A friend of mine is having some minor surgery today. She has been posting updates on a site designed specifically for keeping friends and family informed about medical issues.
I find all this somewhat unsettling.
There was a time when things that happened in our lives were considered private. When people in general would have been horrified by the thought of something happening in our lives becoming public.
It was a price people paid for being famous, infamous or somehow in the public eye.
It was a *price* people paid. In other words, it was considered costly.
Nature knows that clouds capturing the colors of a sunset happens regardless of whether it is posted online - and it is beautiful.
Privacy was valued. Most people did not particularly want to be famous. And, even if you did, it did not involve the public accessibility many regular people either enjoy or abhor or just are oblivious to today.
By writing for a newspaper in the small town where I lived I became known around town. And, to this day, I cannot go anywhere in that town without engaging in a lengthy discussion.
There are lots of nice people but sometimes I really do just wanna be left alone.
Maybe this has something to do with growing up in Manhattan. All New Yorkers understand how to be alone yet together. We can tune out or tune in. People are always there ready to say hi or engage in conversation but it’s not rude to just put on your iPod and go for a walk.
One big difference between life in Manhattan and a place like Easton, Connecticut, is the stimulation.
In bucolic Easton there is abundant nature that can really take your breath away if you just let yourself enjoy it. But, in Manhattan there is hustle and bustle and endless mental and sensory stimulation.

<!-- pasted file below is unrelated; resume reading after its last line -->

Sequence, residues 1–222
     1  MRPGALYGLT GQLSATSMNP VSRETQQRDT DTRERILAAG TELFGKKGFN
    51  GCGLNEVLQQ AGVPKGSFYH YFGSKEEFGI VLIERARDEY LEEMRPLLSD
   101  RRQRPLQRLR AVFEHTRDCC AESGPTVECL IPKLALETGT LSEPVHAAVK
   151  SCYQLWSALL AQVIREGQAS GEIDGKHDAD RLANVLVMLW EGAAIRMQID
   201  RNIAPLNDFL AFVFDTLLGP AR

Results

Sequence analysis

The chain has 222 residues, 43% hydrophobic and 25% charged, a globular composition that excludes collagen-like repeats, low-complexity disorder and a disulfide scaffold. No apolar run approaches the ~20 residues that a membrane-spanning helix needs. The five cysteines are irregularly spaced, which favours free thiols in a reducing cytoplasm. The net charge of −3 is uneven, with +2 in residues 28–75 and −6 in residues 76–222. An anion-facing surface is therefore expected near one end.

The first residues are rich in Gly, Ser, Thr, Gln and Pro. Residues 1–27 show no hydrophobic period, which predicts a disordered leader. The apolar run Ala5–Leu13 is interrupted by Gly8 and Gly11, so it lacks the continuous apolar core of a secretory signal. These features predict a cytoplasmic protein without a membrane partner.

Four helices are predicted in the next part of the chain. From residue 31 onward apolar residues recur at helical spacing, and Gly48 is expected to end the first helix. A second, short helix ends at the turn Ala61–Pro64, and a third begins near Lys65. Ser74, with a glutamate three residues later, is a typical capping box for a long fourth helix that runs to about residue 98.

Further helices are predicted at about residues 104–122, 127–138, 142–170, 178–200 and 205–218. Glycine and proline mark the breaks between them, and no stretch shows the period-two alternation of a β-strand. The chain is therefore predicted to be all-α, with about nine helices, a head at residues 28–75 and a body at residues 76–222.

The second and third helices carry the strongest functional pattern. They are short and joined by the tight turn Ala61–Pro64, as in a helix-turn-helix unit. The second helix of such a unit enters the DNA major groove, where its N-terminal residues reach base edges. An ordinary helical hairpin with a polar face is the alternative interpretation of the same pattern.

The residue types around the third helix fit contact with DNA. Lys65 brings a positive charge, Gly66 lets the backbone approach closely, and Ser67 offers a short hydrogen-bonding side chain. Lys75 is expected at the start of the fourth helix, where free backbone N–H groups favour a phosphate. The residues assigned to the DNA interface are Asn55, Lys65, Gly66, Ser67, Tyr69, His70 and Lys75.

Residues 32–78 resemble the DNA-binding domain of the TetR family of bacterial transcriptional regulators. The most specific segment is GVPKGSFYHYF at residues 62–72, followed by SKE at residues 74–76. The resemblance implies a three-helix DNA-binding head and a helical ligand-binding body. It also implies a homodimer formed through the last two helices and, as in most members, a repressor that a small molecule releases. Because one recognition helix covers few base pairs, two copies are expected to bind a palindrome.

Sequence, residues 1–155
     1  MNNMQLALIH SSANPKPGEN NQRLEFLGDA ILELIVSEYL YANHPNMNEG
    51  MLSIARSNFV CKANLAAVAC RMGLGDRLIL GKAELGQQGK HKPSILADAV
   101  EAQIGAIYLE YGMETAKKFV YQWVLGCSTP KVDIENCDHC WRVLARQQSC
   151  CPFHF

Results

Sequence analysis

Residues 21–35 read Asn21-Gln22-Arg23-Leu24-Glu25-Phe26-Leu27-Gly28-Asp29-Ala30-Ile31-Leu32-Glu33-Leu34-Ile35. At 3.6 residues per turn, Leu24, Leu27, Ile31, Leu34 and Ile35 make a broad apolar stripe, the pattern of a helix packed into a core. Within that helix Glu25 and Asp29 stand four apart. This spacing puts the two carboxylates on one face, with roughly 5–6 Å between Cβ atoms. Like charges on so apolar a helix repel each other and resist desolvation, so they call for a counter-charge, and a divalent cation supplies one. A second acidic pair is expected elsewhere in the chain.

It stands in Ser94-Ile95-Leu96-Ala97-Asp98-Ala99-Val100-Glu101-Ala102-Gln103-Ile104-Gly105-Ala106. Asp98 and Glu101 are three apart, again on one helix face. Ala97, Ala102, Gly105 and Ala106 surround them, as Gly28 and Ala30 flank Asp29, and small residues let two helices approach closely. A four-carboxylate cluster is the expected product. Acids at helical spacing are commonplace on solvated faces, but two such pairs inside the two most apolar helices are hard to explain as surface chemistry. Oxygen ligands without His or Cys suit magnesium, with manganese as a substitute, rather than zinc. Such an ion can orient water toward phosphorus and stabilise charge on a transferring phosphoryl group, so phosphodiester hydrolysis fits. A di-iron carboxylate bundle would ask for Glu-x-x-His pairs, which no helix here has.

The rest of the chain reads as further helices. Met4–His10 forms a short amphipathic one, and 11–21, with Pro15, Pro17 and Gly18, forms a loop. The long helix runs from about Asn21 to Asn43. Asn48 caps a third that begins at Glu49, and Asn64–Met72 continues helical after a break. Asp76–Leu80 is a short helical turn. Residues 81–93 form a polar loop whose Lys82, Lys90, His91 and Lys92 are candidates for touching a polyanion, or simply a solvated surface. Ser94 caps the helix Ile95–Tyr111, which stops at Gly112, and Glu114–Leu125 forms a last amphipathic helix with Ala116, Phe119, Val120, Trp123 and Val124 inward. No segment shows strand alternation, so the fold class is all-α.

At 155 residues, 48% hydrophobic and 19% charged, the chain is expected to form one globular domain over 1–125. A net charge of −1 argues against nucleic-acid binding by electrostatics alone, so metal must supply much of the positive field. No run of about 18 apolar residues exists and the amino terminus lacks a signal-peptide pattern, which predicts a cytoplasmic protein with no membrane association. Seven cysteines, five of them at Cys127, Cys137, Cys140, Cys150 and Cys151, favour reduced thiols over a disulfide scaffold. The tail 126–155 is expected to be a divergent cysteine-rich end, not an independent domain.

When you’re in a place like New York City and surrounded by people who have something to say and do you’re not really reaching out for attention. It is everywhere.
But, when you’re in a place like Easton, Connecticut, and it is quiet and uninteresting apart from nature, you might – perhaps – need more attention.
For whatever reason, I just don’t understand why people need so much attention to the painfully personal, even intimate, details of their lives. And I certainly don’t get why they post these things ONLINE.
No matter the “privacy settings,” once you post something online it is public.
I used to think of it as a generational thing but now I see it as cross-generational.
Who knows why really. But, if it makes people feel better to make their extremely private issues public, then go for it. I do have to wonder though if they have thought ahead. And what might come back to bite them.
Once something is said, it cannot be unsaid. And once it is posted online, it could end up anywhere.
For the most part, I don’t think people care all that much about what is going on in other people’s lives. So, who are you really posting for? We all are looking for a connection and I do think people can connect to the written word (I hope).
But, I think posting personal details online gives people a false sense of intimacy with the masses. And makes it harder to remember why we reach out to one another in the first place.
I think it can fuel emotional unavailability by giving quick and easy fixes to people who really don’t – or can’t – manage one-on-one relationships.
We all want to feel a part of something bigger than ourselves. Whether it is a family, a community or a group of some type.
But, maybe, by posting such personal details online, it becomes a bit like opening yourself up to the same impersonal “news” we hear on television and radio. It is something we respond to but don’t particularly internalize.
Then, we breed emotional unavailability and disconnect.
Our worlds used to be a lot smaller. And, just like farmers who plant in small batches, maybe the quality is better that way.